[0058]FIG. 4 is a system diagram illustrating an embodiment of a bi-directional communication system 400 that is built according to the invention. A DiSEqC transceiver 441 and a DiSEqC transceiver 442 are able to communicate with one another via a bi-directional communication channel 499. The bi-directional communication channel 499 may be a wireline (or wired) communication channel or a wireless communication channel without departing from the scope and spirit of the invention. The wired media by which the bi-directional communication channel 499 may be implemented are varied, including coaxial cable, fiber-optic cabling, and copper cabling, among other types of “wiring.” Similarly, the wireless manners in which the bi-directional communication channel 499 may be implemented are varied, including satellite communication, cellular communication, microwave communication, and radio communication, among other types of wireless communication.

[0059] The DiSEqC transceiver 441 is operable to support integrated DiSEqC transmitter functionality and integrated DiSEqC receiver functionality. Similarly, the DiSEqC transceiver 442 is also operable to support integrated DiSEqC transmitter functionality and integrated DiSEqC receiver functionality.

[0060] The FIG. 4 shows yet another of the many embodiments where integrated DiSEqC functionality, in either transmitter functionality form or receiver functionality form, may be supported within a DiSEqC transceiver.

[0061]FIG. 5 is a system diagram illustrating an embodiment of a one to many communication system 500 that is built according to the invention. From certain perspectives, this one to many communication system 500 may be viewed as being a broadcast communication system. A transmitter 510 is able to communicate, via broadcast in certain embodiments, with a number of receivers, shown as receiver(s) 1, 2, . . . , and 3 via the uni-directional communication channel 399. Each of the receiver(s) 1, 2, . . . , and 3 may be viewed as being associated with a subscriber that receives services provided by the transmitter 510.

[0062] Again, the uni-directional communication channel 399 may be a wireline (or wired) communication channel or a wireless communication channel without departing from the scope and spirit of the invention. The wired media by which the uni-directional communication channel 399 may be implemented are varied, including coaxial cable, fiber-optic cabling, and copper cabling, among other types of “wiring.” Similarly, the wireless manners in which the uni-directional communication channel 399 may be implemented are varied, including satellite communication, cellular communication, microwave communication, and radio communication, among other types of wireless communication.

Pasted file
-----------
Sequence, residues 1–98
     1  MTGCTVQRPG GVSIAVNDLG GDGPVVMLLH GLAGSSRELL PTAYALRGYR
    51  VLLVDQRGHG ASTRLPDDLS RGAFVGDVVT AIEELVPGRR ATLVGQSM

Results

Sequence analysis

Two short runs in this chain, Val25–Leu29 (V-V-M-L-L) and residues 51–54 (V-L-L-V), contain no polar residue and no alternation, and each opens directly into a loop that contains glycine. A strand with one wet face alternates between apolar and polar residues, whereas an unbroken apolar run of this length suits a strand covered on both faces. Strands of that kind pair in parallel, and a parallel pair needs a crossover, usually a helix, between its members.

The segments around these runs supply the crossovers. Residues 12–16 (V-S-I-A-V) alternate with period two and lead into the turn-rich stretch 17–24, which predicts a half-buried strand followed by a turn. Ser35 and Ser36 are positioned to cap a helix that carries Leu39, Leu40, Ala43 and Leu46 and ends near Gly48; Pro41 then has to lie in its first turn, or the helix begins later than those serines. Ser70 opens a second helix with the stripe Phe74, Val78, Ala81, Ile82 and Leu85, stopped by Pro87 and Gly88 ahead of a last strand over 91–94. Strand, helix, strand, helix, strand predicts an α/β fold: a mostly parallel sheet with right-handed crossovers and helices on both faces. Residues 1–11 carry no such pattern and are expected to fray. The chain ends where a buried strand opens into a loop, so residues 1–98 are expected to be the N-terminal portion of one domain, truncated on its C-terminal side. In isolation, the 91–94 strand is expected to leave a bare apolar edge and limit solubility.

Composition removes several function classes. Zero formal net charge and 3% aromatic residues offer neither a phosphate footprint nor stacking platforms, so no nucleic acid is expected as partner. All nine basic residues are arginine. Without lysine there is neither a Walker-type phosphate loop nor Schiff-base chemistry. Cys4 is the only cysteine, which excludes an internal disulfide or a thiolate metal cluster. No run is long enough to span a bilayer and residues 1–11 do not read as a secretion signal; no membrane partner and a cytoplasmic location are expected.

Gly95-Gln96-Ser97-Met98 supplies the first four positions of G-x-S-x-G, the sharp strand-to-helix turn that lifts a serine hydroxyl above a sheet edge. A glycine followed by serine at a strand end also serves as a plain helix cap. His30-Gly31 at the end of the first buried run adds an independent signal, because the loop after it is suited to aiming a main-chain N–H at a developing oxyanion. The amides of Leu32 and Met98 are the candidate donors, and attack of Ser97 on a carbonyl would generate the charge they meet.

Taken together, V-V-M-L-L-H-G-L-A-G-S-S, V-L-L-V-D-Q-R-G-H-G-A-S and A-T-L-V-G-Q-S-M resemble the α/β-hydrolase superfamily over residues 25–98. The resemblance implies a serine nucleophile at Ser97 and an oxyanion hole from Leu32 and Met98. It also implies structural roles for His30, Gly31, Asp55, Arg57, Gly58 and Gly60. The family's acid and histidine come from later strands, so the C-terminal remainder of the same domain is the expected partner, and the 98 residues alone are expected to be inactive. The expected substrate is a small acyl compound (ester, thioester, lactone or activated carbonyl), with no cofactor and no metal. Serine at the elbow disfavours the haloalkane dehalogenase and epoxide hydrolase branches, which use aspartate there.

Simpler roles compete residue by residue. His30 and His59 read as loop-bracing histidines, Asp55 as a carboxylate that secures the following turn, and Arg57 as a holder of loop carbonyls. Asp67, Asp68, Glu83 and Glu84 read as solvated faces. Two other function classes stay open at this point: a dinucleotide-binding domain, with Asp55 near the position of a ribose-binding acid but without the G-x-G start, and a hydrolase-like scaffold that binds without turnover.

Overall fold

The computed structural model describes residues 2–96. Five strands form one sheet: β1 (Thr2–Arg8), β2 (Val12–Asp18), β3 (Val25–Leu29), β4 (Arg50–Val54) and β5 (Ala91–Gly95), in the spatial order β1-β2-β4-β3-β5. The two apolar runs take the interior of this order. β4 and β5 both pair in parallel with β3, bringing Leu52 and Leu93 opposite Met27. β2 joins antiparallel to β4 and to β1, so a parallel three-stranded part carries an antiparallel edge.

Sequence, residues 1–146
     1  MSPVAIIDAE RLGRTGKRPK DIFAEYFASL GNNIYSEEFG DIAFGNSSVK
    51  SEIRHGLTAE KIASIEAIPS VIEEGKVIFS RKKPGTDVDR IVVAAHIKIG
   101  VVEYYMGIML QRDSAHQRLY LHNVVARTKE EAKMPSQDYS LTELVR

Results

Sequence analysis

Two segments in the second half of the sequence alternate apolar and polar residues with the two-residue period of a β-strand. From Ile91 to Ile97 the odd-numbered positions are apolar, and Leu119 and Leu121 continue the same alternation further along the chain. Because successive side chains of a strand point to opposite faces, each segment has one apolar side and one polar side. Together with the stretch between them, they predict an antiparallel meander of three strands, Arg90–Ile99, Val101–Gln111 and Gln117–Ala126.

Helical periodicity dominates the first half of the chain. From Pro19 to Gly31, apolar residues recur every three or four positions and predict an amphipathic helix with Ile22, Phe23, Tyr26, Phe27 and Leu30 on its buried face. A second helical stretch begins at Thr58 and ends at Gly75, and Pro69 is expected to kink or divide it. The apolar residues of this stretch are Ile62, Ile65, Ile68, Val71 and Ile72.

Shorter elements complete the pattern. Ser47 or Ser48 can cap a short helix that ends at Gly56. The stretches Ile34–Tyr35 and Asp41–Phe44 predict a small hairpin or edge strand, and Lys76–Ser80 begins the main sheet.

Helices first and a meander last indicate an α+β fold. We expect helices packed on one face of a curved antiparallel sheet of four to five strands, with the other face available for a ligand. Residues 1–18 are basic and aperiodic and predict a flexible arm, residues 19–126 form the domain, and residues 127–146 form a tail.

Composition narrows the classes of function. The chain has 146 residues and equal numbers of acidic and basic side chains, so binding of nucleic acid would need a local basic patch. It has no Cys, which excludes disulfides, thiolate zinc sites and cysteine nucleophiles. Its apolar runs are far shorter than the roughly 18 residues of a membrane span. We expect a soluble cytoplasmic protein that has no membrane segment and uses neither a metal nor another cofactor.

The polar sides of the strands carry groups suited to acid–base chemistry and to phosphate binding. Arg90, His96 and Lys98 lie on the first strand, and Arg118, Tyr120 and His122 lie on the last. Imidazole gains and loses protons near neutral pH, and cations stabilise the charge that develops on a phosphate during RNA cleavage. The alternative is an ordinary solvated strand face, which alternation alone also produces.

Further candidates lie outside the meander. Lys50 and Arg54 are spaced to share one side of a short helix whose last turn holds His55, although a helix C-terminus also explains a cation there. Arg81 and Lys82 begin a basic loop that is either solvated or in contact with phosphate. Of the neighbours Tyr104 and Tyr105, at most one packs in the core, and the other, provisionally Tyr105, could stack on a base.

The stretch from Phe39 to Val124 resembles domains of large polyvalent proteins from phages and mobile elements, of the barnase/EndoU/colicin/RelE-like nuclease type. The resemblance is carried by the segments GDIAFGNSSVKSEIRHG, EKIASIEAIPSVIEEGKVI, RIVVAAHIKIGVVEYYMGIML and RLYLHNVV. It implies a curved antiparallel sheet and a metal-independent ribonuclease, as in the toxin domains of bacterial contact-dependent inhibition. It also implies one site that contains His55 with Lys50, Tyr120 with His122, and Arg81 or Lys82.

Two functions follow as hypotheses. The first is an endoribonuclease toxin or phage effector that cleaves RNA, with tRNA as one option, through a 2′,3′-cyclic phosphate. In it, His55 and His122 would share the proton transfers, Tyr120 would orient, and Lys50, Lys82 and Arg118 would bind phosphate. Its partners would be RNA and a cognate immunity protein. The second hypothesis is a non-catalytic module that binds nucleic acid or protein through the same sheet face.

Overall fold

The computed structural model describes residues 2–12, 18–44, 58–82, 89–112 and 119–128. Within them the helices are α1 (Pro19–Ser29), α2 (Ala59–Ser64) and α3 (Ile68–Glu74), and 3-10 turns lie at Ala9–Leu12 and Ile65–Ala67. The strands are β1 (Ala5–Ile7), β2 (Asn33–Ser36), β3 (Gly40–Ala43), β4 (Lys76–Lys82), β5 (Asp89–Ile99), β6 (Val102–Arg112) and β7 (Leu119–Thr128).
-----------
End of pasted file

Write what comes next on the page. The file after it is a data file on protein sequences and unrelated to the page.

[0063] A distribution point 550 is employed within the one to many communication system 500 to provide the appropriate communication to the receiver(s) 1, 2, . . . , and 3. In certain embodiments, the receivers (receiver(s) 1, 2, . . . , and 3) each receive the same communication and individually discern which portion of the total communication is intended for themselves. The processing of this received information, be each of the receiver(s) 1, 2, . . . , and 3, is substantially improved and performed in a more efficient manner by employing the integrated DiSEqC receiver functionality according to the invention.

[0064] The FIG. 5 shows yet another of the many embodiments where integrated DiSEqC functionality may be supported according to any one or more of the various embodiments of the invention.

[0065]FIG. 6 is a system diagram illustrating an embodiment of a satellite receiver set-top box system 600 that is built according to the invention. The satellite receiver set-top box system 600 includes an advanced modulation satellite receiver 610 that is implemented in an all digital architecture. The satellite receiver set-top box system 600 includes a satellite tuner 602 that receives a signal via the L-band. The satellite tuner 602 extracts I,Q (In-phase and Quadrature) components from a signal received from the L-band and provides them to the advanced modulation satellite receiver 610. The advanced modulation satellite receiver 610 is operable to support integrated DiSEqC functionality according to the invention.

[0066] The advanced modulation satellite receiver 610 communicatively couples to an HDTV MPEG-2 (Motion Picture Expert Group) transport de-mux, audio/video decoder and display engine 620. Both the advanced modulation satellite receiver 610 and the HDTV MPEG-2 transport de-mux, audio/video decoder and display engine 620 communicatively couple to a host central processing unit (CPU) 630. The HDTV MPEG-2 transport de-mux, audio/video decoder and display engine 620 also communicatively couples to a memory module 632 and a conditional access functional block 634. The HDTV MPEG-2 transport de-mux, audio/video decoder and display engine 620 provides HD video and audio output that may be provided to an HDTV display.